What are Risk Factors?

How does cancer arise, what causes it, how can these risk factors be avoided and which ones are impossible to avoid? In this article we want you to learn more about this subject and to understand more about this topic that is so closely related to cancer.

¿Qué son los factores de riesgo? - LifEscozul™

When it comes to cancer, it is difficult for many patients to accept that they are ill when they have led a completely healthy life. On the contrary, we can see people who have never worried about their health throughout their lives and did not get cancer.

And we cannot understand these situations if we do not understand that they are risk factors.

What are risk factors?

According to the World Health Organisation (WHO), a risk factor is any trait, characteristic or exposure of an individual that increases his or her likelihood of suffering a disease or injury. (1)

Some risk factors are common to all cancers, and some only predispose to certain types of cancer. Which, let's face it, can be very confusing for most people.

For example, smoking is a risk factor for almost all types of cancer. However, human papillomavirus infection is the most important risk factor for cervical cancer and is specific to this type of cancer.

How many types of risk factors can there be?

Modifiable Risk Factors

Some risk factors can be modified by simply avoiding them and having the will to avoid them.

We can decide not to smoke and thereby reduce the likelihood of becoming ill not only from a large number of cancers, but also from a number of non-cancerous diseases that can affect health.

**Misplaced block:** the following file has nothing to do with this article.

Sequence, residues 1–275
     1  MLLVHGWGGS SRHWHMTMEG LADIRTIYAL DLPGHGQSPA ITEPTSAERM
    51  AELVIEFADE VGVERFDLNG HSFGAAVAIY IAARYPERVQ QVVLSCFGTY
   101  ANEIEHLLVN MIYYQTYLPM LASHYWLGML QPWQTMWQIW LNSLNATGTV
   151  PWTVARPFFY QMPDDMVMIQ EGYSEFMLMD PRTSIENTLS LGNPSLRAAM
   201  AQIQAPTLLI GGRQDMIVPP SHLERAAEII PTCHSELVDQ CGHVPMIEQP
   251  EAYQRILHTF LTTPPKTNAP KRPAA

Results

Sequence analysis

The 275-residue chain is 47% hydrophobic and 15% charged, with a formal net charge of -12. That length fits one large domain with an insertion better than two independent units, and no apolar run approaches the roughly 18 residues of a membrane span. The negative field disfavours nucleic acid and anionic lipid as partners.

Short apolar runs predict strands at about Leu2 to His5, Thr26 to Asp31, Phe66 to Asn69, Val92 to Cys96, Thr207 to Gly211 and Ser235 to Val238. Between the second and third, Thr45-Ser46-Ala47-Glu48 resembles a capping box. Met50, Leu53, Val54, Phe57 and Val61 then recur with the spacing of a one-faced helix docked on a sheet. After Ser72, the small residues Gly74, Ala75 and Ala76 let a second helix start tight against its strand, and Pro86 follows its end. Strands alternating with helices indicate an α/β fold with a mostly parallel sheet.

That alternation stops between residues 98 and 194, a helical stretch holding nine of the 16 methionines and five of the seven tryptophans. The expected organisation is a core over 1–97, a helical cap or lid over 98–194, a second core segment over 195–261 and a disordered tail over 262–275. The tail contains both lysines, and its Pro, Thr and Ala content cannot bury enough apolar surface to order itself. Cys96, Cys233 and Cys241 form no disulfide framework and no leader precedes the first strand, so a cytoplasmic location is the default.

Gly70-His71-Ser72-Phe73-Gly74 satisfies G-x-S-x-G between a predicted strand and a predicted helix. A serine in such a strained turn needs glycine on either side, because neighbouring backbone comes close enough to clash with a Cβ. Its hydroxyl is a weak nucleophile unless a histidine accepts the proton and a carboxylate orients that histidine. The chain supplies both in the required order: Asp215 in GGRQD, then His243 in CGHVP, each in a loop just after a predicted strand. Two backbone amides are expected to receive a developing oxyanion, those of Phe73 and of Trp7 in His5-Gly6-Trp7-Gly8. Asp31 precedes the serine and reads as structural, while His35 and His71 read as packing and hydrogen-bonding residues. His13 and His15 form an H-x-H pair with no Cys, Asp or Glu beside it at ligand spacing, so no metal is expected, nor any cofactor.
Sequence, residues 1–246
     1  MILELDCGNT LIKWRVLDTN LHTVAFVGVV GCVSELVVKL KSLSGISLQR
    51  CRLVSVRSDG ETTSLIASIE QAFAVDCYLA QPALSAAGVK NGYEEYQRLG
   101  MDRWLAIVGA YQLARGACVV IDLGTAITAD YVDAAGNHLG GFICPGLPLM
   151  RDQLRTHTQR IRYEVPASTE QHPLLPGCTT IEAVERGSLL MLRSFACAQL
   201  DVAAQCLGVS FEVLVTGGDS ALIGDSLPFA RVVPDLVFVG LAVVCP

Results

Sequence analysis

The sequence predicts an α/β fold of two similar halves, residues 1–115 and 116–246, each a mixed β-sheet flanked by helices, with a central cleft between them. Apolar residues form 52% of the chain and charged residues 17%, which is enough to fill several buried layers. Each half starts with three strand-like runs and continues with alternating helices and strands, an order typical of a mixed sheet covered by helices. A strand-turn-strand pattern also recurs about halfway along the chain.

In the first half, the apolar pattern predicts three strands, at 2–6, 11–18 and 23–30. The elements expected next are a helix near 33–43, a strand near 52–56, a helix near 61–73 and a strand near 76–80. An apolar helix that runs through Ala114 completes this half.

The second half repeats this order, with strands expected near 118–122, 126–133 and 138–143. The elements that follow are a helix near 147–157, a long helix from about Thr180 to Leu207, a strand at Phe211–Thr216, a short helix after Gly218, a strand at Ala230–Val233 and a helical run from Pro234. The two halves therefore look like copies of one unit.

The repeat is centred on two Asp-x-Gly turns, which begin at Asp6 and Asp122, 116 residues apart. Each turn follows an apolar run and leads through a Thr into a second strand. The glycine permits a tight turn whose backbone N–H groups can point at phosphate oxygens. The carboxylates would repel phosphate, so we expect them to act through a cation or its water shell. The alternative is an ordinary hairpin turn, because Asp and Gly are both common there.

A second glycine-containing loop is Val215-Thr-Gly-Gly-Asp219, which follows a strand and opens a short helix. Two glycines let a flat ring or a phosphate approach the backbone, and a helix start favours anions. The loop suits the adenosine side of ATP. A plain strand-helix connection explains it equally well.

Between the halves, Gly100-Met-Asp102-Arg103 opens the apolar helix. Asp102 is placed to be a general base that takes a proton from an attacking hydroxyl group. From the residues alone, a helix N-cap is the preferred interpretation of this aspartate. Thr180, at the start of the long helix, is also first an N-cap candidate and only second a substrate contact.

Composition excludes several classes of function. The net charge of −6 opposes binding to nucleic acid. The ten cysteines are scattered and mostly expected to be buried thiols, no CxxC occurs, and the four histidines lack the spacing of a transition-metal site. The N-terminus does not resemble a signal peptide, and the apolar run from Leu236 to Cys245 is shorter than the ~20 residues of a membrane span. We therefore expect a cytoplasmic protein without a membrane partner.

We need to change our eating habits and decide to eat a healthy diet, avoid being overweight, and exercise frequently to combat obesity, which will decrease the possibility of developing tumours such as oesophagus, colon, rectum, breast, endometrial and kidney tumours.

We can reduce and even eliminate alcohol consumption, which is a major risk factor for the development of cancers of the mouth, pharynx, larynx, oesophagus, liver, colon, rectum and breast.

A person who smokes and drinks alcohol is likely to get cancer of the oral cavity, oesophagus, pharynx and larynx by having more than one risk factor.

Sin embargo, no necesariamente al tener dos o más factores de riesgo, modificables o no, significa que necesariamente sufrirá de cáncer. Hay personas que enferman de cáncer que no tienen factores de riesgo. Es por ello que hablamos de posibilidades.However, having two or more risk factors, modifiable or not, does not necessarily mean that you will necessarily get cancer. There are people who get cancer who have no risk factors. This is why we talk about possibilities.

NON-modifiable Risk Factors

The ones we cannot change are the so-called non-modifiable ones. And these cannot be avoided.

Age or getting older is a non-modifiable risk factor. For example, the median age at diagnosis for breast cancer is 61 years, for colorectal cancer 68 years, for lung cancer 70 years and for prostate cancer 66 years, for example.

As we get older, the possibility of developing cancer increases. Hence the importance of seeing a doctor regularly after a certain age.

Gender is another non-modifiable factor, e.g. prostate cancer affects only men, while ovarian cancer only affects women.

Genetic inheritance. Having first-line relatives who suffer or have suffered from certain types of cancer is a risk factor that increases the possibility of developing cancer. This is the case, for example, with breast cancer.